When building IoT systems, it is often useful to have access to data from the outside world to amend the information your sensors give you. For example, indoor temperature and energy usage measurements will be a lot more useful if there is information on the outside weather to correlate with.
I guess every five years is a good cadence for blog redesigns. This year’s edition started as a rewrite of the technical implementation, but I ended up also updating the visuals. Here I’ll go through the design goals, and how I met them.
After six years of work, and bunch of different projects done with NoFlo, we’re finally ready for the big 1.0. The two primary pull requests for the 1.0.0 cycle landed today, and so it is time to talk about how to prepare for it.
One important aspect of any Internet of Things setup is being able to collect and visualize data for analysis. Seeing trends in sensor readings over time can be useful for identifying problems, and for coming up with new ways to use the data.
Last weekend we held the c-base IoT hack weekend, focused on the Flowhub IoT platform. This was continuation from the workshop we organized at the Bitraf makerspace a week earlier. Same tools and technologies, but slightly different focus areas.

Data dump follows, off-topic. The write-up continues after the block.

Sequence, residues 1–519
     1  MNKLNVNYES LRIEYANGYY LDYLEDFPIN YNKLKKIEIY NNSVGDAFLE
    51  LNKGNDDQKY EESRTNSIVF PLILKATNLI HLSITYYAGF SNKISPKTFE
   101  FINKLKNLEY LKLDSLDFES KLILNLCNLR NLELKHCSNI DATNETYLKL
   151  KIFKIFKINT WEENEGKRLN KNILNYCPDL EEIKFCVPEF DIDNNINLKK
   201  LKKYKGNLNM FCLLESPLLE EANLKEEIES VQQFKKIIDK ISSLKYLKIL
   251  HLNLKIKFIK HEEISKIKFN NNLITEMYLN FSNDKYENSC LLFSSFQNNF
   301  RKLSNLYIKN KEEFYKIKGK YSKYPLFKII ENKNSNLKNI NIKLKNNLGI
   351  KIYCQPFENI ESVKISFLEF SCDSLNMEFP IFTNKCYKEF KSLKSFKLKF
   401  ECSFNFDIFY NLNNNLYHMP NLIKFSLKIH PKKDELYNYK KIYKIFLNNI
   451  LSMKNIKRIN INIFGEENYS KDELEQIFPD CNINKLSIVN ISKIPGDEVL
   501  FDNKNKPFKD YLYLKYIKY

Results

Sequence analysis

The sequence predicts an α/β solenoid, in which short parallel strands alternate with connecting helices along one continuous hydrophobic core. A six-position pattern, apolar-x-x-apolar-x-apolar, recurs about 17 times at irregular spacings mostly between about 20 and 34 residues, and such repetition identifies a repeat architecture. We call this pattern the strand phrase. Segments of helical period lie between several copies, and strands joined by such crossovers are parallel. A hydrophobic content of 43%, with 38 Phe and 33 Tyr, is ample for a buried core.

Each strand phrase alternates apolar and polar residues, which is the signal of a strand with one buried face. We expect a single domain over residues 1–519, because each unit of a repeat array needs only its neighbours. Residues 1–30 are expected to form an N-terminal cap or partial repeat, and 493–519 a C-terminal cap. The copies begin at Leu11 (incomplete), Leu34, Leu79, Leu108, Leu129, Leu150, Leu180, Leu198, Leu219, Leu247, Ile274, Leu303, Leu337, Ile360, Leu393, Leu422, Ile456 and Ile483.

I just got back to Berlin from the Bitraf IoT hackathon we organized in Oslo, Norway. This hackathon was the first of two IoT workshops around MsgFlo and Flowhub IoT. The second will be held at c-base in Berlin this coming weekend.
Last week I participated in two hackathons, events where a group of strangers would form a team for two or three days and build a product prototype. In the end all teams pitch their prototypes, and the best ones would be given some prizes.
This July we’re organizing two hack weekends around MsgFlo and Flowhub:
In Flowhub you can create and edit full flow-based programming projects. The live mode enables introspecting running FBP systems. This weekend we rolled out Flowhub 0.19 which makes it easy to move between these modes.